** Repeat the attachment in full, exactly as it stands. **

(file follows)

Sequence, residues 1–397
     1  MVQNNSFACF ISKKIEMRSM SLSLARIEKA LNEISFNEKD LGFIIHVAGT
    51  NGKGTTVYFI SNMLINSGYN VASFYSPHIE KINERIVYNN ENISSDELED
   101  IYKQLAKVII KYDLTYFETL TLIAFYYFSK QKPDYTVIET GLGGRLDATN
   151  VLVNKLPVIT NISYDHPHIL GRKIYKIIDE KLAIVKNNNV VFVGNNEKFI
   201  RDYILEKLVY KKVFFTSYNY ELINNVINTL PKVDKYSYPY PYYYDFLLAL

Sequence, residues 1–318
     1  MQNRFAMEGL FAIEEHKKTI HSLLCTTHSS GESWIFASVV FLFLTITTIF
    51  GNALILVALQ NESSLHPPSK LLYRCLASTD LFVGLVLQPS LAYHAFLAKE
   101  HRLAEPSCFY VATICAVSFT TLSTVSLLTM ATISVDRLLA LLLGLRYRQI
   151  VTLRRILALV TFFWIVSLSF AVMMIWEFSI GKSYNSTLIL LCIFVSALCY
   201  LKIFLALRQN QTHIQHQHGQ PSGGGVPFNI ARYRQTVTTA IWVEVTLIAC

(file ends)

Sequence, residues 1–397
     1  MVQNNSFACF ISKKIEMRSM SLSLARIEKA LNEISFNEKD LGFIIHVAGT
    51  NGKGTTVYFI SNMLINSGYN VASFYSPHIE KINERIVYNN ENISSDELED
   101  IYKQLAKVII KYDLTYFETL TLIAFYYFSK QKPDYTVIET GLGGRLDATN
   151  VLVNKLPVIT NISYDHPHIL GRKIYKIIDE KLAIVKNNNV VFVGNNEKFI
   201  RDYILEKLVY KKVFFTSYNY ELINNVINTL PKVDKYSYPY PYYYDFLLAL

Sequence, residues 1–318
     1  MQNRFAMEGL FAIEEHKKTI HSLLCTTHSS GESWIFASVV FLFLTITTIF
    51  GNALILVALQ NESSLHPPSK LLYRCLASTD LFVGLVLQPS LAYHAFLAKE
   101  HRLAEPSCFY VATICAVSFT TLSTVSLLTM ATISVDRLLA LLLGLRYRQI
   151  VTLRRILALV TFFWIVSLSF AVMMIWEFSI GKSYNSTLIL LCIFVSALCY
   201  LKIFLALRQN QTHIQHQHGQ PSGGGVPFNI ARYRQTVTTA IWVEVTLIAC